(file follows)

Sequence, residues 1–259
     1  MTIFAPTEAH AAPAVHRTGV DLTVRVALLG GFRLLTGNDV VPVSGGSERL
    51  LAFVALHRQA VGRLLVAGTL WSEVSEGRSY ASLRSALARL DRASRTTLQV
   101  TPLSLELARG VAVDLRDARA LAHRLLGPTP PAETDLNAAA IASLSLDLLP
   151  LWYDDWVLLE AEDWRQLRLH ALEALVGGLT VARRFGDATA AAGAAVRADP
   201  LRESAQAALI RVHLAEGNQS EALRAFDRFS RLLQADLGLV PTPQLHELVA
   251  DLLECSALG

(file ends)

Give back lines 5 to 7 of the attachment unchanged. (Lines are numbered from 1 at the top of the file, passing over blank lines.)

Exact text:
   151  LWYDDWVLLE AEDWRQLRLH ALEALVGGLT VARRFGDATA AAGAAVRADP
   201  LRESAQAALI RVHLAEGNQS EALRAFDRFS RLLQADLGLV PTPQLHELVA
   251  DLLECSALG